A new program was initiated in the late 1930s to rearm the American coastline with long range 16" weapons from existing Army and Navy stocks. These guns would be emplaced in new batteries which would have substantial overhead protection. Two 16" prototype batteries were con-structed at San Francisco from 1937 to 1940, and a few other batteries were constructed during this time. A new full construction program was authorized by Congress in September of 1940. The program was based on harbor defense recommendations made in 1923 and was planned for some 33 harbors along the coasts of North America and other strategic islands. The new fortifications were built using two standardized designs, a twin gun 6" battery (or in some cases a 8" battery) and a twin gun 16" battery (or in some cases a remodeled 12" battery), along with their supporting base end sighting stations. When America entered the war in December of 1941, a large number of mobile weapons were rushed to both coasts for temporary use. The new construction program went into high gear in 1942 with construction at the five principle harbors along the Pacific coast, on Oahu Island, Hawaii, and at several locations in Alaska. Batteries of new 90mm guns were added to the program as anti-motor torpedo boat (AMTB) units to further protect the harbors. However, after the Battle of Midway in June of 1942, the possibility of a Japanese attack on the American mainland diminished rapidly. The new construction program was curtailed in 1944 (several planned batteries were cancelled and other construction projects were stopped short of completion) and halted altogether in 1948.
It was apparent that the day of seacoast artillery was past, outdated by the airplane, the missile, and new amphibious landing techniques. By 1950, almost all of the big guns were scrapped, all the harbor defense commands dismantled and the Coast Artillery Corps abolished as a separate branch of the Army. The old coast defense reservations were either converted to other uses by the military or declared surplus. The Army eventually declared surplus all of the San Diego (1957), Columbia River (1947) and Puget Sound (1955) military reservations.
In the years following the Second World War, the Army was demobilized, the seacoast artillery was dismantled and the coastline of the United States was only protected by the Navy and the remains of the Coast Artillery Corps. During these years a new surface-to-air missile defense system was being developed, code named Nike after the Greek Goddess of Victory. The deterioration of relationships with the Communist governments in the post-war years soon prompted a re-evaluation of American defenses. The National Security Act of 1947 created the Defense Department as we know it today, made the Air Force a separate Armed Force and established the Joint Chiefs of Staff. On July 1, 1950, the Army was reorganized. There were to be three arms, Infantry, Armor and a consolidated Artillery (which included all Field, Antiaircraft and ex-Coast Artillery units), plus 14 services. The antiaircraft defenses of the Army would be administered by the Army Antiaircraft Artillery Command (ARAACOM), which would be under the operational control of the Air Force. The Army would organize, train and equip these units.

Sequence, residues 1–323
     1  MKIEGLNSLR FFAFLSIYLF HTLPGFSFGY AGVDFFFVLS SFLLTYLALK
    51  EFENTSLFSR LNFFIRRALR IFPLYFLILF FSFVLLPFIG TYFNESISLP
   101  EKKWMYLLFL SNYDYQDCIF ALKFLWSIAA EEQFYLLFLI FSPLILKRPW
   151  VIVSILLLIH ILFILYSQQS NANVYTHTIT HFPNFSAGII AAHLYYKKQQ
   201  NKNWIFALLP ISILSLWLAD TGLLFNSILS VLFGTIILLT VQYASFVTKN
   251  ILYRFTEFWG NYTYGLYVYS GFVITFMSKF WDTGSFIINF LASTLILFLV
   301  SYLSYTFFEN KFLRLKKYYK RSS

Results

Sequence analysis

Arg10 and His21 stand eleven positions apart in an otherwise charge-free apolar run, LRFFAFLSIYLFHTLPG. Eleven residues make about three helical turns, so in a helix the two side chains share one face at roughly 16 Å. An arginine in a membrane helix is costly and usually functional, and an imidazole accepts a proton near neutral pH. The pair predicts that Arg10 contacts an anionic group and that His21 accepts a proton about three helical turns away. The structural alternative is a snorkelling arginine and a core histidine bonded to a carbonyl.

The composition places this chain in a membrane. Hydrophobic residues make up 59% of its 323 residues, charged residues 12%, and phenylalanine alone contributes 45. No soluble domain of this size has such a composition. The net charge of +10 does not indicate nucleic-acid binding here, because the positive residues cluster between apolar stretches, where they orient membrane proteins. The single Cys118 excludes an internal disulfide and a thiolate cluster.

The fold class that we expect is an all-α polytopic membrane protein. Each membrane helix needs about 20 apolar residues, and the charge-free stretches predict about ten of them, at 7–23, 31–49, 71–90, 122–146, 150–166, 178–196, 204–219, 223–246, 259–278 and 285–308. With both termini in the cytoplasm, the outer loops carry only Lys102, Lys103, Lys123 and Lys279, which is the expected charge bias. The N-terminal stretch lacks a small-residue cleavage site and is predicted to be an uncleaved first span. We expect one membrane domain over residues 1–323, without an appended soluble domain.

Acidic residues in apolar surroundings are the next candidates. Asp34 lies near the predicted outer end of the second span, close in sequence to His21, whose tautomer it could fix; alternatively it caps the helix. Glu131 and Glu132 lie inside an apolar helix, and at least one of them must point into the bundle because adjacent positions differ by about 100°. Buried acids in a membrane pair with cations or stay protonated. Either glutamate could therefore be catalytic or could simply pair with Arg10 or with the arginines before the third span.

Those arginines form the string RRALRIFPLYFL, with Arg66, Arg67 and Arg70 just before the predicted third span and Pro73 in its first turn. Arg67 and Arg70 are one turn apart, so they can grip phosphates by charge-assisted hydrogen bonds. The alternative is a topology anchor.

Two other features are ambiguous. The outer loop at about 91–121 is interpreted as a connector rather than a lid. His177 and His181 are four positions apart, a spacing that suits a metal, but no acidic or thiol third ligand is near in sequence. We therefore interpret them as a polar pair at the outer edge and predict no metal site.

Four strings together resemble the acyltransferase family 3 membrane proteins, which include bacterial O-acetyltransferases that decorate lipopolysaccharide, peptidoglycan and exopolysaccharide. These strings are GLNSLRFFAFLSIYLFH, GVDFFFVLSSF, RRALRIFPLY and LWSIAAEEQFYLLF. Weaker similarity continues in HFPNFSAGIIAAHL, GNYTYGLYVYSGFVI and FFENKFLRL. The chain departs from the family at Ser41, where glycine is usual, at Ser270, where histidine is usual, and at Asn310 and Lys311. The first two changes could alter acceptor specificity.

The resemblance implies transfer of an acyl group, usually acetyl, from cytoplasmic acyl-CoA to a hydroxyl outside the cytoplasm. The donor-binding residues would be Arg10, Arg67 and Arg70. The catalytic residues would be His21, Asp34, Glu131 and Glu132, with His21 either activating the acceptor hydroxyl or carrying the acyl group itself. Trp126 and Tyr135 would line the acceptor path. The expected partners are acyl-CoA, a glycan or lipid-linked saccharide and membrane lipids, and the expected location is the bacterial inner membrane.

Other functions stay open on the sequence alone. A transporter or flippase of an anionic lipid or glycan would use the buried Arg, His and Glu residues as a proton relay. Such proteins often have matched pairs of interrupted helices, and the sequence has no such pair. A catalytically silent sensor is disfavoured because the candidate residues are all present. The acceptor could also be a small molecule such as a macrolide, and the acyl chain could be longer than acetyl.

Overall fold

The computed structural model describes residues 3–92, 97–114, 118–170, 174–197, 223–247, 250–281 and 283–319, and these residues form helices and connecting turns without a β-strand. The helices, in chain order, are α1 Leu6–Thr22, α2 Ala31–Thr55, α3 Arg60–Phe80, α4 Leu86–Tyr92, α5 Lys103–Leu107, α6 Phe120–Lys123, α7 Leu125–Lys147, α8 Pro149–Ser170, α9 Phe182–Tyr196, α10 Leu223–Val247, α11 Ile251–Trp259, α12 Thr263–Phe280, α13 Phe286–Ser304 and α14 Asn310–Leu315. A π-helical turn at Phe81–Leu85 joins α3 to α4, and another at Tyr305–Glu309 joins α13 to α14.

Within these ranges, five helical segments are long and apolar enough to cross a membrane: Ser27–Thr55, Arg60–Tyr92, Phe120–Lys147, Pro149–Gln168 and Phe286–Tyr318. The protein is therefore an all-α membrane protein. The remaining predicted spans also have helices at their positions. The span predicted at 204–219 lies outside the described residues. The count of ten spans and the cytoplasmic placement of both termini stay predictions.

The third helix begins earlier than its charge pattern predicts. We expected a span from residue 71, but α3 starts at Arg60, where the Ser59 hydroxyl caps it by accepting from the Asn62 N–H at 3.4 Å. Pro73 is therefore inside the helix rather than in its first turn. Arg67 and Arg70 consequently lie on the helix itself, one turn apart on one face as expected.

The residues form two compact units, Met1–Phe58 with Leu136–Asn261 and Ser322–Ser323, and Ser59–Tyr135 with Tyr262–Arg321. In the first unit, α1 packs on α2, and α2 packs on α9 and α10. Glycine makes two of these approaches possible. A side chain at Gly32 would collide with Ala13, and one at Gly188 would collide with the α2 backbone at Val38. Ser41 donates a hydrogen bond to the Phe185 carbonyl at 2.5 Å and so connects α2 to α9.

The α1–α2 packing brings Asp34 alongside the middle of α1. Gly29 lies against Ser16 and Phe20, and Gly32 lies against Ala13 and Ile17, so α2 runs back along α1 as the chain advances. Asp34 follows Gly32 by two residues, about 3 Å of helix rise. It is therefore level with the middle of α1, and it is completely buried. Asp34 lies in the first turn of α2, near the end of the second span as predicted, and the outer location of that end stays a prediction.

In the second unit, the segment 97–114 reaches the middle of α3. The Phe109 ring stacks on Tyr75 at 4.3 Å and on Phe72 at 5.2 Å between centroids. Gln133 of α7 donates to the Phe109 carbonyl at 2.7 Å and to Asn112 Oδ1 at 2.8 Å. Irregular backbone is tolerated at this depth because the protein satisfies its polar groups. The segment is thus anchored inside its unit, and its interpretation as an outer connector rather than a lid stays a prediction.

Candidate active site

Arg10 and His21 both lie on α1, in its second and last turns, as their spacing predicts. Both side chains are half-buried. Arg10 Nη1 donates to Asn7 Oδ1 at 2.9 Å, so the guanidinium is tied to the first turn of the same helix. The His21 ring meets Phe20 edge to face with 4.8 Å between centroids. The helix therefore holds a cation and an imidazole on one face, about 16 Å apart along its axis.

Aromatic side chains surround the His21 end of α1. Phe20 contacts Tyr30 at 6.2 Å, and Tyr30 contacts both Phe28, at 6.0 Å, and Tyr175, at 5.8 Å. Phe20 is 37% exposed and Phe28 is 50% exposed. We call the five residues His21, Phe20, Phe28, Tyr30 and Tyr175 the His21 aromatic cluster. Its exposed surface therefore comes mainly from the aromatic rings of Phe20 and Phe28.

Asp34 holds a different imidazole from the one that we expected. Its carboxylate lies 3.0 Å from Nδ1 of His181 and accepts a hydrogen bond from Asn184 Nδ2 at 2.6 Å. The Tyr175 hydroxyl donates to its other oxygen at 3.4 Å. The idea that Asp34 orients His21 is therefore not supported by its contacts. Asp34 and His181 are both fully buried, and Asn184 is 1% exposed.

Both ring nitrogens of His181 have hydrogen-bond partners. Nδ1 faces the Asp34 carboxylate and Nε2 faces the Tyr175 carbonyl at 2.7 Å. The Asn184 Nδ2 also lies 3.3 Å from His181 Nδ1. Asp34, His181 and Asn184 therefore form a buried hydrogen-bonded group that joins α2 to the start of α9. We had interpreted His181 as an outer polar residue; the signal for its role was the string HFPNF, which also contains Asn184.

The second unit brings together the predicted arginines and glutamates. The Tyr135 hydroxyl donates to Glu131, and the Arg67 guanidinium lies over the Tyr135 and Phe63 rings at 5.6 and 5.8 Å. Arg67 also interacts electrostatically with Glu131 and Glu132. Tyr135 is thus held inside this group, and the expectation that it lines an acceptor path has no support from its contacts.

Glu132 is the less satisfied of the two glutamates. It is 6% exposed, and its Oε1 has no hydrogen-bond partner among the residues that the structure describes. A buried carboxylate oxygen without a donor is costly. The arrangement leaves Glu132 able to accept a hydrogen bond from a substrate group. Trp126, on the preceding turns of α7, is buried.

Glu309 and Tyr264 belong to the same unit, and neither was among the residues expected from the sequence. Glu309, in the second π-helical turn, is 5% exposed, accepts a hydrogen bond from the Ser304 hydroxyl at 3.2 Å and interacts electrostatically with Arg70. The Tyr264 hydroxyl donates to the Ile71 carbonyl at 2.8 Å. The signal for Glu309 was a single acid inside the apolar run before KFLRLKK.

In 1949 there was only one operational AA battalion. ARAACOM worked to prepare some 66 AA battalions to defend 23 priority locations. The units were to be armed with 90mm and 120mm AA weapons (later 75mm ìskysweeperî guns were also used) while the Nike missile program was being brought on line. Beginning in 1952, the first of the Nike defenses became operational. The Nike batteries represented the next phase in the evolution of American coastal defenses, defending America from attack through the air and was developed during the years 1945-1951. The batteries consisted of a launch area and a radar control area. Where feasible, existing Army and Air Force facilities were used. Thus, the old harbor defense reservations at San Francisco and Los Angeles were used for Nike missile launch sites and command posts. As these sites were prepared ARAACOM ìconvertedî units from gun AA units to missile Air Defense units. Nike defenses were located at the following areas on the continental Pacific Coast: Los Angeles, San Francisco, near Hamilton AFB, Seattle, the Hanford Nuclear Research facility and Fairchild AFB near Spokane. The first operational missile system was known as Nike-Ajax, which had a range of about 25 miles. In 1957 ARAACOM became the Army Air Defense Command (ARADCOM) as all of the Armyís air defense units were now missile battalions. During the years 1962-1968, Nike Ajax was replaced by the larger, more powerful and nuclear warhead capable Nike Hercules, which had a range of over 80 miles. As these were more powerful weapons, less launch sites were required for these missiles and only about 1 out of 4 of the existing Nike-Ajax sites were converted for use with the Nike-Hercules. Nike-Hercules defenses were also located at Anchorage, Alaska, Fairbanks, Alaska, and on Oahu Island, Hawaii, however these units were not under the command of ARADCOM.The Nike program was discontinued in the mid-1970s, superseded by further advances in weapons development. There was no further need for Army defense installations near the coast and almost all of those reservations were also declared surplus.